In other words, it had odd cultures and odder branches of humanity but it still felt a lot like everything we know. Bruisers coming in the form of gene-modded humans able to withstand punishing pressure, a technician in the form of insane AI who think he is a Saint from three thousand years ago or an inside man who is a part of a whole people modded to worship everything about self-torture as a religious experience.

Add our mastermind who is a broken quantum computer (in the old sense) who ought to be able to go into a fugue state and savant his way through any difficult problem except for the tiny detail that it hospitalizes him, and we've got an MC who needs a social challenge big enough to tax his brain without busting it.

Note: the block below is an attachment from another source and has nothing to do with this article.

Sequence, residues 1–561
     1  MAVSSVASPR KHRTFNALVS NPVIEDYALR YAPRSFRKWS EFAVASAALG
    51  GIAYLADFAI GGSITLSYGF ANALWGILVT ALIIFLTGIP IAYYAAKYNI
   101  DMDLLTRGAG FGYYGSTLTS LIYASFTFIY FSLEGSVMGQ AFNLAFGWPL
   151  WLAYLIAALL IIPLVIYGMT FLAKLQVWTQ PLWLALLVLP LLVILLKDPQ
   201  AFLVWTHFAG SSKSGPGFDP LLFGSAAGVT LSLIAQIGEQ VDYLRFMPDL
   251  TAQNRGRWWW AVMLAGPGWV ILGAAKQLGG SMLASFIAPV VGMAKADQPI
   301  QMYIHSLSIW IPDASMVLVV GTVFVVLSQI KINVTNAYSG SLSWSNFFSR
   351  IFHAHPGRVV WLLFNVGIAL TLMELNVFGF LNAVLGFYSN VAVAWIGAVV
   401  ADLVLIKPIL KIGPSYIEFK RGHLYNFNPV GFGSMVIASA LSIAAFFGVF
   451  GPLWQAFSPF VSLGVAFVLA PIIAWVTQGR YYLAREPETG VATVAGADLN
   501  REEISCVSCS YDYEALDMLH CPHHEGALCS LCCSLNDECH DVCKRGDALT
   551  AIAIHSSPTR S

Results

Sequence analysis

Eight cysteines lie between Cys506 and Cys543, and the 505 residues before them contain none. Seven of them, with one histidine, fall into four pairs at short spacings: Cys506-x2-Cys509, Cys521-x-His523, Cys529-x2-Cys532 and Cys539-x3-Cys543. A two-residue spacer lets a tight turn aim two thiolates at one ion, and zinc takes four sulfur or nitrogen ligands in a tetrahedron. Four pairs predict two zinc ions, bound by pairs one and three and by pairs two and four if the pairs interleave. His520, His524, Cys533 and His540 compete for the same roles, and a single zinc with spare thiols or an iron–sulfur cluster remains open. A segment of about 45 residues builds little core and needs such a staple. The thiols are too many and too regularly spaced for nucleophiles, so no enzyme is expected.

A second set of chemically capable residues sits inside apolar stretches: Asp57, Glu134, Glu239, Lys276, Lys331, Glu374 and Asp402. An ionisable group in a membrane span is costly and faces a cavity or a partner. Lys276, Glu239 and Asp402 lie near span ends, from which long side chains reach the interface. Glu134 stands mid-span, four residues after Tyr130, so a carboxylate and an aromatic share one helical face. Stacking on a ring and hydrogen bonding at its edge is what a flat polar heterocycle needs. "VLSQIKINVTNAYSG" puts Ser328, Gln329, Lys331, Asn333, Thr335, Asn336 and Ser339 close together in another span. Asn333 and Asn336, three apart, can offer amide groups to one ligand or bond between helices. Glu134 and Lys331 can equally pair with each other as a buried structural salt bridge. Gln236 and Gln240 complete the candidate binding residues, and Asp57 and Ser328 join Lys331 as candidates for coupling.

There's a lot of great gallows humor here. A truly wild backdrop of space-opera with wormholes, big space-fleet conflict, and empires who all think they're the most formidable foes in the playground. What could go wrong?

Well, as it turns out, a lot, but the ride is fun as hell. After all, it's a HEIST! :) :) ( )
  bradleyhorner | Jun 1, 2020 |
A Quantum brain! I don't think evolution would have ever be able to produce such a complex computer, made of tissue. Think about how a Quantum computer work; it's happening in our heads! I swallowed a transformer toy back in the eighties so I'm ahead of the curve on this one.